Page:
Brussels, 16 September 2005
A public consultation on whether and how to create a European Institute of Technology has been opened by the European Commission today. It will gather the views of stakeholders on how an ‘EIT’ could strengthen research, education and market innovation in Europe. The public consultation will run until mid-November, and will feed into a wider analysis by the European Commission services.
The idea of establishing a European Institute of Technology (EIT) was mentioned in the Commission’s mid-term review of the Lisbon Process in February 2005  and the European Council took note of the Commission’s intention in March.
Technological advances and the application of high-level scientific research are crucial drivers of economic growth and employment prospects. However, despite Europe’s many successes in research and education, recent evidence indicates a difficulty in translating these achievements into competitive advantages for European enterprises. Europe, with few exceptions, is falling behind when it comes to the creation, dissemination and application of “new knowledge”. As an example, the global share of patents awarded to EU companies, as well as the proportion of European Nobel Prize winners, has declined in recent years. Competitors in North America and Asia are frequently more successful in forging innovative partnerships between industry leaders and research community attracting top international researchers to pursue both fundamental and applied research.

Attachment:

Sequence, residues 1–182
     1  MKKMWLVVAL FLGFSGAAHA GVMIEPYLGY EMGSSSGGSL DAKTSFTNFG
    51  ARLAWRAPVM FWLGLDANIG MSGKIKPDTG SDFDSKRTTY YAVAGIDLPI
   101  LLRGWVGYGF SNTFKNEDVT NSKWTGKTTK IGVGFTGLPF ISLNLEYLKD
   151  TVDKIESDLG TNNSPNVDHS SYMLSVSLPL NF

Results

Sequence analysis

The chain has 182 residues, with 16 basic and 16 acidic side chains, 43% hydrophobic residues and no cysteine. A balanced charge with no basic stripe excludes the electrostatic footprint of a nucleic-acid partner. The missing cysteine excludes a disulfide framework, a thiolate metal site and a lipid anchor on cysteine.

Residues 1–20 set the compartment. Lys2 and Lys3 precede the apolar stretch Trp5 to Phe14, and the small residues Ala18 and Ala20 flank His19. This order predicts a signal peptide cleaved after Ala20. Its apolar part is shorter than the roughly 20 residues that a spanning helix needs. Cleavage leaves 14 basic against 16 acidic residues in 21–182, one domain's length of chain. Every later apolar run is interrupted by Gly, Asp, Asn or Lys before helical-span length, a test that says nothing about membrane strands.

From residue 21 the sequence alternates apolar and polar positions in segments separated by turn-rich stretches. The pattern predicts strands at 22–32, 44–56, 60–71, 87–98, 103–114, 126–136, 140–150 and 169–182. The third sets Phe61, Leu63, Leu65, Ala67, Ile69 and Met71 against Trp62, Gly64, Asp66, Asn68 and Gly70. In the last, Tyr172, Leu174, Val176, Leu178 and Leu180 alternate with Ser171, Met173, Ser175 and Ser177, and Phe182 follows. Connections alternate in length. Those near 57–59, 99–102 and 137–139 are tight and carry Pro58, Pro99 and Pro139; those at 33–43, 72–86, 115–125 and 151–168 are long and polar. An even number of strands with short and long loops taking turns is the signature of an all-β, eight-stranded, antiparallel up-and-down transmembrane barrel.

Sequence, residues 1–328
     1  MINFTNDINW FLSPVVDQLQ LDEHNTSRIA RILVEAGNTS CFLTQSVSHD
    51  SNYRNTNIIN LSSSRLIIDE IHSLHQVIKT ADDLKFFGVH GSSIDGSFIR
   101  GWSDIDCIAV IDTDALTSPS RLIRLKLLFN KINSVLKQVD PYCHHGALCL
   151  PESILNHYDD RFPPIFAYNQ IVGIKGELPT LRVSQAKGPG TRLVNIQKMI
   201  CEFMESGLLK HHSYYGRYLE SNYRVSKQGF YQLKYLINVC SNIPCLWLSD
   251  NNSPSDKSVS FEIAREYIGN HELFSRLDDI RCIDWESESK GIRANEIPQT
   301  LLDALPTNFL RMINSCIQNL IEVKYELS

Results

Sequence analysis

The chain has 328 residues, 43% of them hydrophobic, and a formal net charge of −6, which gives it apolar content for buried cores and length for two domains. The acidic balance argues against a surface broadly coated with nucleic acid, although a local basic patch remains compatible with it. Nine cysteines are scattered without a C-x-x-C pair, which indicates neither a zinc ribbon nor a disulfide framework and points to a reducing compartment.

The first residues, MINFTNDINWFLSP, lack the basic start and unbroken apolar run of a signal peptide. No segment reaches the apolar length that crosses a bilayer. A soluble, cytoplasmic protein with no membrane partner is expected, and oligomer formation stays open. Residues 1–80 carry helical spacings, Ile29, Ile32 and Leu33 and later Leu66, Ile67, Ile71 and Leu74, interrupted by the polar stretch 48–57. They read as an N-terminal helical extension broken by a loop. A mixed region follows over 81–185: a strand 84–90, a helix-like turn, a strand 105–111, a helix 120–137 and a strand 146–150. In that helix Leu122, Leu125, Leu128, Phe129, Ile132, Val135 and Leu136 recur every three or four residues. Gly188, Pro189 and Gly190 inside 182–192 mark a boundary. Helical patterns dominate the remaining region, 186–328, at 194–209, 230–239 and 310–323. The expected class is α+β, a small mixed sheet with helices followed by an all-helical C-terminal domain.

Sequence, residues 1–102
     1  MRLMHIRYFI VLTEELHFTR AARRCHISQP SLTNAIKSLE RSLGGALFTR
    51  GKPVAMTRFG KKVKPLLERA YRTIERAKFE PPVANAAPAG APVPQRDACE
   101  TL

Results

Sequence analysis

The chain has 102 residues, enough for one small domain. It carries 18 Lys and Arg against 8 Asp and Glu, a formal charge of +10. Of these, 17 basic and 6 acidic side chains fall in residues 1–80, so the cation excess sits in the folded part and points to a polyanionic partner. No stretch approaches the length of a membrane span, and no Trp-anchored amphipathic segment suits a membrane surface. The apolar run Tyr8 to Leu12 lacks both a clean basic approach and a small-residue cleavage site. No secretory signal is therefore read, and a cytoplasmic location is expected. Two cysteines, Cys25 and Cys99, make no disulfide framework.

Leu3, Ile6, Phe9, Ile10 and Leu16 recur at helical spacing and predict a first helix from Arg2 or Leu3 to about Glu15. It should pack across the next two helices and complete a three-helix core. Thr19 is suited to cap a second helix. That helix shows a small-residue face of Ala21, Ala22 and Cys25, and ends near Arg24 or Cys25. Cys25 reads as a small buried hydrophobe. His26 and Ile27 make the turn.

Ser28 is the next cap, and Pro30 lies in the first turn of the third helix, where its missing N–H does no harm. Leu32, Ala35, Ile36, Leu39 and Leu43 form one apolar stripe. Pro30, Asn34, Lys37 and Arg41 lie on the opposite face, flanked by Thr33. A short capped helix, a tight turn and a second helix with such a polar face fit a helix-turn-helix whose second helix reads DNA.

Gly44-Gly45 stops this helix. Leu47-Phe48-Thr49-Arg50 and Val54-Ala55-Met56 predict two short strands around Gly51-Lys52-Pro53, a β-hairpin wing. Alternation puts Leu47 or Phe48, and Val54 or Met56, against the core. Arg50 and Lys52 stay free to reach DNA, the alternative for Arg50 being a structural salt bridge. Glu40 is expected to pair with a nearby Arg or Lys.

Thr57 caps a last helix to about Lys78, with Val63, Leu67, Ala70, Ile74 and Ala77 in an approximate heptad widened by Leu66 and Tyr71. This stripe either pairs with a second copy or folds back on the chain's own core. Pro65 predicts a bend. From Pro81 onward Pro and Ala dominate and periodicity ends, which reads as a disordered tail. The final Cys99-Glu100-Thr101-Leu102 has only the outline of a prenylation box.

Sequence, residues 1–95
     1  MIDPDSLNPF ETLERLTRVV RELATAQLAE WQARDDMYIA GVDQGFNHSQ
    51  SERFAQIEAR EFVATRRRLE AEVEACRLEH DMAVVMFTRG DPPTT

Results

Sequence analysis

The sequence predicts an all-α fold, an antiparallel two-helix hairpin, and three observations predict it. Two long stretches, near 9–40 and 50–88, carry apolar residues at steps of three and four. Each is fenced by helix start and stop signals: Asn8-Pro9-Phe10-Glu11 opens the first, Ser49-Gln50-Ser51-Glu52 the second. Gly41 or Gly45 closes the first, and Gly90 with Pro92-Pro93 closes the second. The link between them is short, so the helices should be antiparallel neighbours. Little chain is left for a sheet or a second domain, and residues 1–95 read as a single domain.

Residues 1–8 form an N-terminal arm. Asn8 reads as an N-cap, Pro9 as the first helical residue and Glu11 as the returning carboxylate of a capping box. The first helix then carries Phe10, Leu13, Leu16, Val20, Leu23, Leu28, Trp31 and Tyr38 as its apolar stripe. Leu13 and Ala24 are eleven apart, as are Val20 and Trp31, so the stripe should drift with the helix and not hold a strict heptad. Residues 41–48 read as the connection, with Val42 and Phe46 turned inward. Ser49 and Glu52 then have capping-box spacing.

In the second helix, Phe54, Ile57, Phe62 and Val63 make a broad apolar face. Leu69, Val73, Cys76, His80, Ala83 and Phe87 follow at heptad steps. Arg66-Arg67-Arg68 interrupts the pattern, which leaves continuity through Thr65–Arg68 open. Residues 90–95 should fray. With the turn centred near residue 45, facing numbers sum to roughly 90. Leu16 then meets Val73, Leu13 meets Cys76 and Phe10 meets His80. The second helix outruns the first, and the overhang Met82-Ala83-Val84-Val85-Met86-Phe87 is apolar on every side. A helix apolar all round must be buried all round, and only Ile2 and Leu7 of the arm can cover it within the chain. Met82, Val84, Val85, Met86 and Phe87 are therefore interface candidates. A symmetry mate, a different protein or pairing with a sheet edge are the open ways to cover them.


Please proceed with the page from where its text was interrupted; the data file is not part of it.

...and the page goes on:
Ján Figel’, European Commissioner in charge of Education, Training, Culture & Multilingualism said that “a European Institute of Technology could play an innovative role in supporting knowledge transfer, attracting the best researchers and companies from around the world to work in partnership”.
Such an EIT should draw on the considerable strengths of existing European institutions.
President Barroso welcomed this important public consultation: “Together we need to strengthen Europe’s potential in research and technology, by stimulating research careers, by encouraging European researchers to stay in Europe and by attracting the best brains from around the world to Europe”.
The Commission is still very much in listening mode on this issue. The public consultation will focus on ‘first order’ issues: the EIT’s key missions, objectives, added-value and possible structure. An online questionnaire, available on the ‘Europa’ website, asks for views on how the EIT could best organise its activities in order to support innovation and the transfer of knowledge throughout the EU.
Once the public consultation is concluded, the Commission will consider whether it wishes to take the matter further, and may then prepare a paper for the Spring European Council in March 2006. If the idea of the establishment of an EIT were to be approved by the European Council, the Commission would make a formal legislative proposal to the Council and the European Parliament.
More information & online consultation available at:
 Commission mid-term review of the Lisbon Process (COM (2005) 24), page 23, http://europa.eu.int/growthandjobs/pdf /COM2005_024_en.pdf